ROI: 

Region of interest

SAX: 

Short axis

SBP: 

Systolic blood pressure

SD: 

Standard deviations

SNP: 

Sodium nitroprusside

SPAMM: 

Spatial modulation of magnetisation

SSFP: 

Steady state free precession

STEMI: 

ST-elevation myocardial infarction

STD: 

ST-segment deviation

STR: 

ST-segment resolution

SPECT: 

Sestamibi single-photon emission computed tomography

T2W: 

T2-weighted

T2w-STIR: 

T2W short tau inversion recovery

TA: 

Thrombus aspiration

TIA: 

Transient ischaemic attack

TIMI: 

Thrombolysis in Myocardial Infarction

TFG: 

TIMI flow grade

TLR: 

Target lesion revascularisation

TMPG: 

TIMI myocardial perfusion grade

TSC: 

Trial Steering Committee

TVR: 

Target vessel revascularisation

UKCRC: 

United Kingdom Clinical Research Collaboration.

Declarations

Acknowledgements

The REFLO-STEMI trial is funded by the MRC and managed by the NIHR on behalf of the MRC-NIHR partnership. The study is sponsored by the University Hospitals of Leicester NHS Trust. GPM is supported by a NIHR postdoctoral fellowship. We also acknowledge the contribution of the following as TSC members (Prof Bob Wilcox (Chair), Dr Peter Ludman, Dr Jim Nolan, Mr Gerry Thompson (Lay member) and Dr David Hetmanski (Sponsor)) and DSMB members (Prof Jennifer Adgey (Chair), Dr Ian BA Menown, Dr Mazhar Khan and Mr Cathal Walsh (statistics)).

Authors’ Affiliations

(1)
Department of Cardiovascular Sciences, University of Leicester and the NIHR Leicester Cardiovascular Biomedical Research Unit, Glenfield Hospital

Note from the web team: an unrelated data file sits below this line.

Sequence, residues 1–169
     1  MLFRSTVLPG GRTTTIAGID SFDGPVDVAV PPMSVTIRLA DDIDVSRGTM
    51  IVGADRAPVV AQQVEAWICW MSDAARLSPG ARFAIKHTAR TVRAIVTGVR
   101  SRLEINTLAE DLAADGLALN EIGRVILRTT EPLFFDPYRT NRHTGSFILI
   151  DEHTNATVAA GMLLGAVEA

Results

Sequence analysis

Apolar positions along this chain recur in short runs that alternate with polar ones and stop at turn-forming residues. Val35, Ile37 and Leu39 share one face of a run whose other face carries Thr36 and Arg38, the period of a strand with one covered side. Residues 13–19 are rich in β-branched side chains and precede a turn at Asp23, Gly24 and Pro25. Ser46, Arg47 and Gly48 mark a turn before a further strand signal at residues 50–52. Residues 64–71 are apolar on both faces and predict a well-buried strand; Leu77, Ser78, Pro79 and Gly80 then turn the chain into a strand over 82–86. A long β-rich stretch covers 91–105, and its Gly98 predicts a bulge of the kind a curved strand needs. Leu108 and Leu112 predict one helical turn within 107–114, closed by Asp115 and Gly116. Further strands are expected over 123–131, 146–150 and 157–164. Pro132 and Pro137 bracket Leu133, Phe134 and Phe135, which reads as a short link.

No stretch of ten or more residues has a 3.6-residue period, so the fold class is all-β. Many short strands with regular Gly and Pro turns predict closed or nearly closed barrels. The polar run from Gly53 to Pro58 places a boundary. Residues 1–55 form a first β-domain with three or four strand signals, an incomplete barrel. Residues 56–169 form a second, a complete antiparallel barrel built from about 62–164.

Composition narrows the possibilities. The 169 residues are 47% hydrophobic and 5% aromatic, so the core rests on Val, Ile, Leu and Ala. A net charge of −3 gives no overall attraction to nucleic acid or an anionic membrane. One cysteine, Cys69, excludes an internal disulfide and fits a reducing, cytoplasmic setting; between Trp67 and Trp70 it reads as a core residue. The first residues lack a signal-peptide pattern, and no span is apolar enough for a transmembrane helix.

(2)
Department of Cardiovascular Imaging, Division of Imaging Sciences & Biomedical Engineering, Rayne Institute, BHF Excellence Centre, St Thomas’ Hospital, King’s College London
(3)
Multidisciplinary Cardiovascular Research Centre, Leeds Institute of Genetics, Health and Therapeutics, University of Leeds
(4)
Institute of Cellular Medicine, Faculty of Medical Sciences, Newcastle University and Cardiothoracic Centre, Freeman Hospital, Newcastle upon Tyne Hospitals NHS Foundation Trust
(5)
Department of Cardiology, University Hospitals Coventry and Warwickshire NHS Trust
(6)
Centre for Biostatistics & Genetic Epidemiology, Department of Health Sciences, School of Medicine, University of Leicester
(7)
Faculty of Medicine & Health Sciences, Queen’s Medical Centre
(8)
Heart Centre, Royal Victoria Hospital